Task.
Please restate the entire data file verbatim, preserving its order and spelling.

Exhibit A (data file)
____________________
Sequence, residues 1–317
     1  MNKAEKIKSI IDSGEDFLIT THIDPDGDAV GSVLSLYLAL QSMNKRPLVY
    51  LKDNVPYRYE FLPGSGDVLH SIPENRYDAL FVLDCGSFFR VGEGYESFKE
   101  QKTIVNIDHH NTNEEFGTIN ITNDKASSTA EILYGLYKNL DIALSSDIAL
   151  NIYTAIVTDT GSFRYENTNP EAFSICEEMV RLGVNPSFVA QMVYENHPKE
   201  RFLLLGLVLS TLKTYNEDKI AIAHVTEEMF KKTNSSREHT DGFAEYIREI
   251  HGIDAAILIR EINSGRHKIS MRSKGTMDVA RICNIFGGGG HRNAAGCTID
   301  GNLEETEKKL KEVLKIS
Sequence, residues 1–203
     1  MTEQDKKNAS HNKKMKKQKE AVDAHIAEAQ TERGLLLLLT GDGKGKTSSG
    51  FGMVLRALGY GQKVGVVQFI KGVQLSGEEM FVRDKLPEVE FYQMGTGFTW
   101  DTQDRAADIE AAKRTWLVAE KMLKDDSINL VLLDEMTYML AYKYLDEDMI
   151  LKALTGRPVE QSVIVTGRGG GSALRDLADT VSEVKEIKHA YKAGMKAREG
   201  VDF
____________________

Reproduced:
Sequence, residues 1–317
     1  MNKAEKIKSI IDSGEDFLIT THIDPDGDAV GSVLSLYLAL QSMNKRPLVY
    51  LKDNVPYRYE FLPGSGDVLH SIPENRYDAL FVLDCGSFFR VGEGYESFKE
   101  QKTIVNIDHH NTNEEFGTIN ITNDKASSTA EILYGLYKNL DIALSSDIAL
   151  NIYTAIVTDT GSFRYENTNP EAFSICEEMV RLGVNPSFVA QMVYENHPKE
   201  RFLLLGLVLS TLKTYNEDKI AIAHVTEEMF KKTNSSREHT DGFAEYIREI
   251  HGIDAAILIR EINSGRHKIS MRSKGTMDVA RICNIFGGGG HRNAAGCTID
   301  GNLEETEKKL KEVLKIS
Sequence, residues 1–203
     1  MTEQDKKNAS HNKKMKKQKE AVDAHIAEAQ TERGLLLLLT GDGKGKTSSG
    51  FGMVLRALGY GQKVGVVQFI KGVQLSGEEM FVRDKLPEVE FYQMGTGFTW
   101  DTQDRAADIE AAKRTWLVAE KMLKDDSINL VLLDEMTYML AYKYLDEDMI
   151  LKALTGRPVE QSVIVTGRGG GSALRDLADT VSEVKEIKHA YKAGMKAREG
   201  VDF